Research Articles

Archiving for the community: Engaging local archives in language documentation projects

  • Joshua Wilbur


An increased awareness of documentary linguists’ ethical responsibilities towards the communities where they work, particularly where languages are endangered, has heightened the importance of providing access to linguistic materials not only to the international academic community, but also to members of the language communities themselves. A local archiving institution (such as a local library or museum) can play a vital role in ensuring such access both now and in the future because it can potentially overcome certain technical and language-based hurdles encountered by some language communities. However, a number of challenges exist in archiving locally due to lack of technical infrastructure and experience, and limited prioritization of language materials.

In the following discussion, I describe my own experiences gained in working with local archiving institutions in northern Sweden while carrying out the Pite Saami Documentation Project. First, this should provide an impression of how a variety of local institutions can serve as repositories of digital language materials. Second, these experiences will establish a foundation to discuss some practical aspects of fulfilling the ethical responsibility to provide documentation materials to local communities. In doing so, I outline ideas about the implementation of this for other (endangered) language documentation projects.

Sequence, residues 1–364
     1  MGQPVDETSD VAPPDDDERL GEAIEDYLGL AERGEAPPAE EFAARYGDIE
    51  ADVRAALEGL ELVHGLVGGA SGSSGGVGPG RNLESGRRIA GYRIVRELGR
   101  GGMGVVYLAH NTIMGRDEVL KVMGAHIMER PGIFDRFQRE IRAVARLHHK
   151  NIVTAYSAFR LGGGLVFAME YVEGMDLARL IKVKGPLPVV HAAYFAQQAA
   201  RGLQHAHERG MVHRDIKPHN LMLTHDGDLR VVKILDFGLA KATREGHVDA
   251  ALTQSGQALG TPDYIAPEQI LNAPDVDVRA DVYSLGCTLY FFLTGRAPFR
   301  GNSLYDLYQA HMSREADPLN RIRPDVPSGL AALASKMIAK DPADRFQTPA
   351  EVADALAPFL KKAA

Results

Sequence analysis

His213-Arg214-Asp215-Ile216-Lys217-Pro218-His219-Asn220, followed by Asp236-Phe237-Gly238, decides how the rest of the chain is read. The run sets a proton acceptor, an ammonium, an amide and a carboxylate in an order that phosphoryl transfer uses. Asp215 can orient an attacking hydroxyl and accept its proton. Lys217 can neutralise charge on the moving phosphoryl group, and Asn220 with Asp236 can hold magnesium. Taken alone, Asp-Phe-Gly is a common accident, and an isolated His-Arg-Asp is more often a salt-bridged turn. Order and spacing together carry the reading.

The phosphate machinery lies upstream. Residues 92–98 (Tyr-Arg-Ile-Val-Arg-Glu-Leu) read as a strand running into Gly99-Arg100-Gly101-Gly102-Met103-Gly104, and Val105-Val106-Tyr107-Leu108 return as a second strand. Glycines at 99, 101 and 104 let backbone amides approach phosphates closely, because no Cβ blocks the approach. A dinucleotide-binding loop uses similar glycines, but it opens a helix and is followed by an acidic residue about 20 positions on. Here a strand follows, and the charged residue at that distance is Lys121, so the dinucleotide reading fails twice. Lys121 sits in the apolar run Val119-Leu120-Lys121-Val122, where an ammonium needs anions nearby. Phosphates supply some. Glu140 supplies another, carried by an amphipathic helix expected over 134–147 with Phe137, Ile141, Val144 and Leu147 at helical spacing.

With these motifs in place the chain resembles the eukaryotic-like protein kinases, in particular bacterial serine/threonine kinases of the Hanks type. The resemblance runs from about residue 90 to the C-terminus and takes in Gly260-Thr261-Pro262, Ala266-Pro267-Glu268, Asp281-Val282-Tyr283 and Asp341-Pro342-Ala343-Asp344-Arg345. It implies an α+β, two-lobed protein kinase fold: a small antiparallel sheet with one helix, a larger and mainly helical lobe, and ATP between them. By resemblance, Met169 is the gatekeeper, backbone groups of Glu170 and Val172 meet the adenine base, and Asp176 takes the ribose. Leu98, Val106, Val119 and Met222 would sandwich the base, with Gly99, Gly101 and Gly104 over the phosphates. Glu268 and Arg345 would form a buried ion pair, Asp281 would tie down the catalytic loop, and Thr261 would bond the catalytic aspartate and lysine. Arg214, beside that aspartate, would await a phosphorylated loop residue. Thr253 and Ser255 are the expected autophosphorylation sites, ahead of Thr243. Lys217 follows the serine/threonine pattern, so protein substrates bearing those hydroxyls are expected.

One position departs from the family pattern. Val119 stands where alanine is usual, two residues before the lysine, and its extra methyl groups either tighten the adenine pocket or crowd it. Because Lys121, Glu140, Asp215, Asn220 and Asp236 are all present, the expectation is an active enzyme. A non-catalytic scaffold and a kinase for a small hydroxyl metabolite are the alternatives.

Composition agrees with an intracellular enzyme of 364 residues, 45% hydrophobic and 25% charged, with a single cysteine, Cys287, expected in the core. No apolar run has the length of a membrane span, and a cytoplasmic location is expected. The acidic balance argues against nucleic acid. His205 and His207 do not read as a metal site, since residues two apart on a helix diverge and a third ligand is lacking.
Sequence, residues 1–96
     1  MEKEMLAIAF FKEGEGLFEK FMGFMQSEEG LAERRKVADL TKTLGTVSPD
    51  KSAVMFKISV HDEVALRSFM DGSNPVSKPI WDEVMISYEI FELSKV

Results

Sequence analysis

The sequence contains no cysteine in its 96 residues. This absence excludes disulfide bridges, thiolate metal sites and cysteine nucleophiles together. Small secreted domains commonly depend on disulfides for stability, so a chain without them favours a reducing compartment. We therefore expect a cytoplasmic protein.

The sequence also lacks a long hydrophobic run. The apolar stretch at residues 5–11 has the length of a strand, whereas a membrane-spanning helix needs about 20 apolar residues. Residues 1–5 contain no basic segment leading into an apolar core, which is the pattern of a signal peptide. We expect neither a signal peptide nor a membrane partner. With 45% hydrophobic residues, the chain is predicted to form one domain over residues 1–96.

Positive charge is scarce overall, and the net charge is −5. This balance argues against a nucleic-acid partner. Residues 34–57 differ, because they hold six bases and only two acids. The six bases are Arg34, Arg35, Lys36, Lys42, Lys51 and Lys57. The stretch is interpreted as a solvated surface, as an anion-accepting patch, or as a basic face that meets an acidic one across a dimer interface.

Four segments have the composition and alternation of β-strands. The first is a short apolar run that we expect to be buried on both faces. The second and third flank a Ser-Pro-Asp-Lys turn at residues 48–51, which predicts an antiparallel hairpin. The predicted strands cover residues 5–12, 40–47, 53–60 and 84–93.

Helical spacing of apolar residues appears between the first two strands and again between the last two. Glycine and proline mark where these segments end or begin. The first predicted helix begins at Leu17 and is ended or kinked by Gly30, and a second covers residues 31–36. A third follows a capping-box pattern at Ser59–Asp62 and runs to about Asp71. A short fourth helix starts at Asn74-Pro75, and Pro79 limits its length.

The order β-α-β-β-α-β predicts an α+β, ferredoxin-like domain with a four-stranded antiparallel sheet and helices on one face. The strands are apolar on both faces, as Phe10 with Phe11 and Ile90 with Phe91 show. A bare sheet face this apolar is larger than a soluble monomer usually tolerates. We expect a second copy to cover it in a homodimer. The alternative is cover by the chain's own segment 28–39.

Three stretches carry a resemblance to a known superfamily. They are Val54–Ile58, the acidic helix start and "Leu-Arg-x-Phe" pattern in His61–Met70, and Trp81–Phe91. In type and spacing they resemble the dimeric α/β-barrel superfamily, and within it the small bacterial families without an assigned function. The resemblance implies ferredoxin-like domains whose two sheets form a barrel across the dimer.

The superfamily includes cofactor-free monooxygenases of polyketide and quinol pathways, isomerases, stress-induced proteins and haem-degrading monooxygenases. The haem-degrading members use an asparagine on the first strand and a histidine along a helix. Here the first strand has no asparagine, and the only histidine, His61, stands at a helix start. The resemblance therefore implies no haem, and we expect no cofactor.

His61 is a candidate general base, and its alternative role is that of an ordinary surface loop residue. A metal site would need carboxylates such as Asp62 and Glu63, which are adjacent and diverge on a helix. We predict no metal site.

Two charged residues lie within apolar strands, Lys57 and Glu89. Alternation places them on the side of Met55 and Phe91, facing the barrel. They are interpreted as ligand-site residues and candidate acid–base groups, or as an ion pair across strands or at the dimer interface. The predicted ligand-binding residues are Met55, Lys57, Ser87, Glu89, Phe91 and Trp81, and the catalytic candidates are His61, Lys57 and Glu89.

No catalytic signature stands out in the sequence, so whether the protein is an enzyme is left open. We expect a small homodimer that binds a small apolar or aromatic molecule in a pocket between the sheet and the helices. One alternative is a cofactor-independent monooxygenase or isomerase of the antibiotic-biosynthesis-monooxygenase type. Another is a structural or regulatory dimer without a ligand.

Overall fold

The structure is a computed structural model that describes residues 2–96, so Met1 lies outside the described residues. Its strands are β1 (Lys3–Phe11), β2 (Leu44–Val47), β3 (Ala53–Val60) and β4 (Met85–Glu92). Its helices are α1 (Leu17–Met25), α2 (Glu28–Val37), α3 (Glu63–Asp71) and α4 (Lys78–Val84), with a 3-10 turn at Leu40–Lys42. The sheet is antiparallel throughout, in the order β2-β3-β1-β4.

Keywords: endangered languages, language documentation, ethics, access, archiving, Pite Saami Documentation Project, digital language materials

How to Cite:

Wilbur, J., (2014) “Archiving for the community: Engaging local archives in language documentation projects”, Language Documentation and Description 12, 85-102. doi:

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Published on
31 Jul 2014
Peer Reviewed